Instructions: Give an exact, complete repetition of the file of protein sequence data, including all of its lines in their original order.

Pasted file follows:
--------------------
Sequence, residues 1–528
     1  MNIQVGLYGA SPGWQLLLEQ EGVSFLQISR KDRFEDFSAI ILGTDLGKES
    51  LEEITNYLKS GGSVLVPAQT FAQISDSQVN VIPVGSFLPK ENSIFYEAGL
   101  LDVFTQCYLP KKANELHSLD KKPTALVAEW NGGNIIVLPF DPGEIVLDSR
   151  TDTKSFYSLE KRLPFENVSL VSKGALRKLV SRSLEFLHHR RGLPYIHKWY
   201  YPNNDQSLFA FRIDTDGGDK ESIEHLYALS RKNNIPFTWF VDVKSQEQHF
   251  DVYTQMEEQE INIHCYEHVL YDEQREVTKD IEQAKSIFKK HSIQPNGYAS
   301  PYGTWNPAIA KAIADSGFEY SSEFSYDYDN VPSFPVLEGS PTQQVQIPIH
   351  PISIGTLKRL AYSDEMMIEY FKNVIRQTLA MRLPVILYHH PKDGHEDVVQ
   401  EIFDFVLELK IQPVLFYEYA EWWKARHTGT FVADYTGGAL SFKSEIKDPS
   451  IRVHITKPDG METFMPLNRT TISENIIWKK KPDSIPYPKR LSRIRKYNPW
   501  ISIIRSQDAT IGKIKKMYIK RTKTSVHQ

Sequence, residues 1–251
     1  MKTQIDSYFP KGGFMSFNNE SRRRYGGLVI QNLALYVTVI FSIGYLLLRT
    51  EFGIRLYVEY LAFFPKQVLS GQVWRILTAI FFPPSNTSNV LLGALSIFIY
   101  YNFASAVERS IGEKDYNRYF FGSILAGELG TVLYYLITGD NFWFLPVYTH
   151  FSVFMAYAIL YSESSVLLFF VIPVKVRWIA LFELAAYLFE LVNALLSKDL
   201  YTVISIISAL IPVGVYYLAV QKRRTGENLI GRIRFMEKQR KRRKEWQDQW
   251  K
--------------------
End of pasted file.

Sequence, residues 1–528
     1  MNIQVGLYGA SPGWQLLLEQ EGVSFLQISR KDRFEDFSAI ILGTDLGKES
    51  LEEITNYLKS GGSVLVPAQT FAQISDSQVN VIPVGSFLPK ENSIFYEAGL
   101  LDVFTQCYLP KKANELHSLD KKPTALVAEW NGGNIIVLPF DPGEIVLDSR
   151  TDTKSFYSLE KRLPFENVSL VSKGALRKLV SRSLEFLHHR RGLPYIHKWY
   201  YPNNDQSLFA FRIDTDGGDK ESIEHLYALS RKNNIPFTWF VDVKSQEQHF
   251  DVYTQMEEQE INIHCYEHVL YDEQREVTKD IEQAKSIFKK HSIQPNGYAS
   301  PYGTWNPAIA KAIADSGFEY SSEFSYDYDN VPSFPVLEGS PTQQVQIPIH
   351  PISIGTLKRL AYSDEMMIEY FKNVIRQTLA MRLPVILYHH PKDGHEDVVQ
   401  EIFDFVLELK IQPVLFYEYA EWWKARHTGT FVADYTGGAL SFKSEIKDPS
   451  IRVHITKPDG METFMPLNRT TISENIIWKK KPDSIPYPKR LSRIRKYNPW
   501  ISIIRSQDAT IGKIKKMYIK RTKTSVHQ

Sequence, residues 1–251
     1  MKTQIDSYFP KGGFMSFNNE SRRRYGGLVI QNLALYVTVI FSIGYLLLRT
    51  EFGIRLYVEY LAFFPKQVLS GQVWRILTAI FFPPSNTSNV LLGALSIFIY
   101  YNFASAVERS IGEKDYNRYF FGSILAGELG TVLYYLITGD NFWFLPVYTH
   151  FSVFMAYAIL YSESSVLLFF VIPVKVRWIA LFELAAYLFE LVNALLSKDL
   201  YTVISIISAL IPVGVYYLAV QKRRTGENLI GRIRFMEKQR KRRKEWQDQW
   251  K